For more information on managing or withdrawing consents and how we handle data, visit our Privacy Policy at: ""

    Show Details
    HubPages Device IDThis is used to identify particular browsers or devices when the access the service, and is used for security reasons.
    LoginThis is necessary to sign in to the HubPages Service.
    Google RecaptchaThis is used to prevent bots and spam. (Privacy Policy)
    AkismetThis is used to detect comment spam. (Privacy Policy)
    HubPages Google AnalyticsThis is used to provide data on traffic to our website, all personally identifyable data is anonymized. (Privacy Policy)
    HubPages Traffic PixelThis is used to collect data on traffic to articles and other pages on our site. Unless you are signed in to a HubPages account, all personally identifiable information is anonymized.
    Amazon Web ServicesThis is a cloud services platform that we used to host our service. (Privacy Policy)
    CloudflareThis is a cloud CDN service that we use to efficiently deliver files required for our service to operate such as javascript, cascading style sheets, images, and videos. (Privacy Policy)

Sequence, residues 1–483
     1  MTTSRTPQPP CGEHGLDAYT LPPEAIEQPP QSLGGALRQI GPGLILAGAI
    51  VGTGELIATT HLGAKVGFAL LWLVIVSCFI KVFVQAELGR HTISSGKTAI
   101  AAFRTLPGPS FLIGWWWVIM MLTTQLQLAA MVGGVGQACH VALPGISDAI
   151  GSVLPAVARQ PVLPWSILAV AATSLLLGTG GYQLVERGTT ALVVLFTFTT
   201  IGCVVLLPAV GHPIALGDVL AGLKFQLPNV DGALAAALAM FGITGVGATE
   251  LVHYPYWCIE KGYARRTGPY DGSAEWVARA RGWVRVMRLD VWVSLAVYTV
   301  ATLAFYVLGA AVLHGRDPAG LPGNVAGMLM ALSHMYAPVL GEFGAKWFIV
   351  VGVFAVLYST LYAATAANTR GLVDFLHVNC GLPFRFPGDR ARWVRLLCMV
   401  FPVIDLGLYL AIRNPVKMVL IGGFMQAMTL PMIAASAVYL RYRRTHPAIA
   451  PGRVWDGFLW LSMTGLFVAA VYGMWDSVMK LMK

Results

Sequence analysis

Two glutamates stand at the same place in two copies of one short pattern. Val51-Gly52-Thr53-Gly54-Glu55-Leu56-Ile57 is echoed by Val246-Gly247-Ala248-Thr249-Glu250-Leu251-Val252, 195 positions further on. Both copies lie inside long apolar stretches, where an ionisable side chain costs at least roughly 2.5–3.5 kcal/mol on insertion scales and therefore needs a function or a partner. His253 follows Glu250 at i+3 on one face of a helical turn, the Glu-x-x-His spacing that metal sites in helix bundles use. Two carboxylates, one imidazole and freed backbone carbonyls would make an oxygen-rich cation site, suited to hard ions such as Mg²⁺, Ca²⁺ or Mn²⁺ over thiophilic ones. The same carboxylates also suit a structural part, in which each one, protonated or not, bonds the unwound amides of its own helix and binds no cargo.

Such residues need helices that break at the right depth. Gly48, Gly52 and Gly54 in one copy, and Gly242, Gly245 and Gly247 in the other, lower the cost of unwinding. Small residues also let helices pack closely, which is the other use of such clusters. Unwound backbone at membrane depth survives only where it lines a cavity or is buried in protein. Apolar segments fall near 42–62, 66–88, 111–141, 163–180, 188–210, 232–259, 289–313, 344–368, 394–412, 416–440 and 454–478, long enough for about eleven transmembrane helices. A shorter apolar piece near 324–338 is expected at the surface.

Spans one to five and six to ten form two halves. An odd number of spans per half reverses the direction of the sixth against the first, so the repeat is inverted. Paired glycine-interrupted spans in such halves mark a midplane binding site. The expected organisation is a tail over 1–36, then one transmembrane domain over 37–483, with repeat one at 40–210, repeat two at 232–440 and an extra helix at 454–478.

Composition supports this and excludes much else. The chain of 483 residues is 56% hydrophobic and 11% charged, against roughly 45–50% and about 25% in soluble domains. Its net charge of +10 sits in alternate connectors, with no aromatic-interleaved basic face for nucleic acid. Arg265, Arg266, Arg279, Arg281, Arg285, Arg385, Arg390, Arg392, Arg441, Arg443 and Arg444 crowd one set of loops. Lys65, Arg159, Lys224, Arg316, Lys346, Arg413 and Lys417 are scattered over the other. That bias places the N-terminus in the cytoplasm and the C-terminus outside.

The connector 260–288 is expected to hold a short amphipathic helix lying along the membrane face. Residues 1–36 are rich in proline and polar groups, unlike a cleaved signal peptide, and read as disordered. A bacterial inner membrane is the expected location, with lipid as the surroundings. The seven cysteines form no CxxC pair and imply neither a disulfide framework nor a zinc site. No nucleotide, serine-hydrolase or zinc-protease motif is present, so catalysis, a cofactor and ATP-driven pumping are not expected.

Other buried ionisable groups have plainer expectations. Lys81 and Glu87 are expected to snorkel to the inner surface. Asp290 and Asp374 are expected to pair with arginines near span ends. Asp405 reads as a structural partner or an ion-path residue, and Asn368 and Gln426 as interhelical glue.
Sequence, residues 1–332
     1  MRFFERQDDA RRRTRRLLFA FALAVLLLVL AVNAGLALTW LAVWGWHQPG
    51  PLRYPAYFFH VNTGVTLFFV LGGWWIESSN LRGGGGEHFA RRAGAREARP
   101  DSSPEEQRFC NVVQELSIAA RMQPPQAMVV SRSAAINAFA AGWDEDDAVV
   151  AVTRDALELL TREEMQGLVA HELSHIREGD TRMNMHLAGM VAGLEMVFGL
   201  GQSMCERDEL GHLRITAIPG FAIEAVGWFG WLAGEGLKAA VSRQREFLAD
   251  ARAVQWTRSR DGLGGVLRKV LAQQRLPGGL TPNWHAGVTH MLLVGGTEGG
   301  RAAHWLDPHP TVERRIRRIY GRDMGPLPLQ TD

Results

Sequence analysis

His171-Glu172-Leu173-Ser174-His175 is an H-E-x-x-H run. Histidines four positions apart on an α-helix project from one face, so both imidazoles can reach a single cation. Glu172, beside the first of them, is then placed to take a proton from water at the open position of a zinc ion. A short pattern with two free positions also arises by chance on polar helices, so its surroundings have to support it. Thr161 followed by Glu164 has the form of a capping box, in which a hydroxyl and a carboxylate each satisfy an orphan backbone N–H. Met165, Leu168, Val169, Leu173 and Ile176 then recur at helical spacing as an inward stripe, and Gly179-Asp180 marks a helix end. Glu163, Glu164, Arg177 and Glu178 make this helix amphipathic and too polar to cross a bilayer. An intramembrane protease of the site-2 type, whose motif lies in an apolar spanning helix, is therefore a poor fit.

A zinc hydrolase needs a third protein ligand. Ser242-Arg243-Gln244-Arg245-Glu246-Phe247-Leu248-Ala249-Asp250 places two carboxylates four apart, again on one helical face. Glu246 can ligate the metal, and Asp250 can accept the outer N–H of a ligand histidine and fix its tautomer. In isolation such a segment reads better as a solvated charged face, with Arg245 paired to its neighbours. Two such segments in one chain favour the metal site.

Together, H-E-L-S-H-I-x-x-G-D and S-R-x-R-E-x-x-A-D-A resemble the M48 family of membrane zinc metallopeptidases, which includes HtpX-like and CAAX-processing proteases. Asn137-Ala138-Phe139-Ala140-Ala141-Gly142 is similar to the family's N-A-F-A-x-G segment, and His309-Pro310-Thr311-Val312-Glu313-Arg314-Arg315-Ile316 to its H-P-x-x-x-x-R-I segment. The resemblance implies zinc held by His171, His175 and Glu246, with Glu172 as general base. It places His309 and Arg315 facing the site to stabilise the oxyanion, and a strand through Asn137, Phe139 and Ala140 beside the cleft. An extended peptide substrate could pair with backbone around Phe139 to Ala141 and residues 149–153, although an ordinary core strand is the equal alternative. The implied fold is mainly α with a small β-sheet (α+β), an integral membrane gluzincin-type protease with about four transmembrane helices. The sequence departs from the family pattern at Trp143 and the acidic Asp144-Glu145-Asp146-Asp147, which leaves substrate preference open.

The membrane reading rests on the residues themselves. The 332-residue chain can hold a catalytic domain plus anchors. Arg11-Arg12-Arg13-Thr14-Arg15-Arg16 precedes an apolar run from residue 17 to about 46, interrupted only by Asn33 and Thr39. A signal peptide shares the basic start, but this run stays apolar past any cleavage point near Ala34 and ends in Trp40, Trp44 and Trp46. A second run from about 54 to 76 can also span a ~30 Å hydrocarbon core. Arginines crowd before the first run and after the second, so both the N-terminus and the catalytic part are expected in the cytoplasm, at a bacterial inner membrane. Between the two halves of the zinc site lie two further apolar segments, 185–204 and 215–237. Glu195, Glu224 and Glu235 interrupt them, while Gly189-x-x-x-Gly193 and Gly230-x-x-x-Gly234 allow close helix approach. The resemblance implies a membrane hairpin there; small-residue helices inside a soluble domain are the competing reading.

Google Hosted LibrariesJavascript software libraries such as jQuery are loaded at endpoints on the or domains, for performance and efficiency reasons. (Privacy Policy)
    Google Custom SearchThis is feature allows you to search the site. (Privacy Policy)
    Google MapsSome articles have Google Maps embedded in them. (Privacy Policy)
    Google ChartsThis is used to display charts and graphs on articles and the author center. (Privacy Policy)
    Google AdSense Host APIThis service allows you to sign up for or associate a Google AdSense account with HubPages, so that you can earn money from ads on your articles. No data is shared unless you engage with this feature. (Privacy Policy)
    Google YouTubeSome articles have YouTube videos embedded in them. (Privacy Policy)
    VimeoSome articles have Vimeo videos embedded in them. (Privacy Policy)
    PaypalThis is used for a registered author who enrolls in the HubPages Earnings program and requests to be paid via PayPal. No data is shared with Paypal unless you engage with this feature. (Privacy Policy)
    Facebook LoginYou can use this to streamline signing up for, or signing in to your Hubpages account. No data is shared with Facebook unless you engage with this feature. (Privacy Policy)